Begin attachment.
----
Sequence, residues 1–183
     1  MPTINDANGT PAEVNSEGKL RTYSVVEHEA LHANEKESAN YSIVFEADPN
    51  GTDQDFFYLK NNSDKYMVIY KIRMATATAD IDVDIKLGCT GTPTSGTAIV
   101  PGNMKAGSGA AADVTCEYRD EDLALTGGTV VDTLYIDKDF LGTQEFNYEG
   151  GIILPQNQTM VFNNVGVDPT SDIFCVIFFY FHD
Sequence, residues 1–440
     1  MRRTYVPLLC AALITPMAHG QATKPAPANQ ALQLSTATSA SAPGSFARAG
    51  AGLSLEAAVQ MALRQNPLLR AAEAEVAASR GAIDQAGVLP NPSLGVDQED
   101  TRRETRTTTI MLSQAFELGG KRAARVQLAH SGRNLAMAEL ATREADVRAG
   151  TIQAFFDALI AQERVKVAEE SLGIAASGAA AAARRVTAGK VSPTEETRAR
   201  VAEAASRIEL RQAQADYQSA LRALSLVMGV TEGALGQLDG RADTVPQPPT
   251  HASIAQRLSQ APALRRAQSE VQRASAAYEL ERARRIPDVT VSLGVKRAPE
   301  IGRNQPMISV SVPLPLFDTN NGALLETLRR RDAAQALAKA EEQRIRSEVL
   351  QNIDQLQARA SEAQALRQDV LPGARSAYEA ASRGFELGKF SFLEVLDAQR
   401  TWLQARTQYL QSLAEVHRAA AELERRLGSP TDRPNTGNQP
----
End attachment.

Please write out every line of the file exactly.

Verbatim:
Sequence, residues 1–183
     1  MPTINDANGT PAEVNSEGKL RTYSVVEHEA LHANEKESAN YSIVFEADPN
    51  GTDQDFFYLK NNSDKYMVIY KIRMATATAD IDVDIKLGCT GTPTSGTAIV
   101  PGNMKAGSGA AADVTCEYRD EDLALTGGTV VDTLYIDKDF LGTQEFNYEG
   151  GIILPQNQTM VFNNVGVDPT SDIFCVIFFY FHD
Sequence, residues 1–440
     1  MRRTYVPLLC AALITPMAHG QATKPAPANQ ALQLSTATSA SAPGSFARAG
    51  AGLSLEAAVQ MALRQNPLLR AAEAEVAASR GAIDQAGVLP NPSLGVDQED
   101  TRRETRTTTI MLSQAFELGG KRAARVQLAH SGRNLAMAEL ATREADVRAG
   151  TIQAFFDALI AQERVKVAEE SLGIAASGAA AAARRVTAGK VSPTEETRAR
   201  VAEAASRIEL RQAQADYQSA LRALSLVMGV TEGALGQLDG RADTVPQPPT
   251  HASIAQRLSQ APALRRAQSE VQRASAAYEL ERARRIPDVT VSLGVKRAPE
   301  IGRNQPMISV SVPLPLFDTN NGALLETLRR RDAAQALAKA EEQRIRSEVL
   351  QNIDQLQARA SEAQALRQDV LPGARSAYEA ASRGFELGKF SFLEVLDAQR
   401  TWLQARTQYL QSLAEVHRAA AELERRLGSP TDRPNTGNQP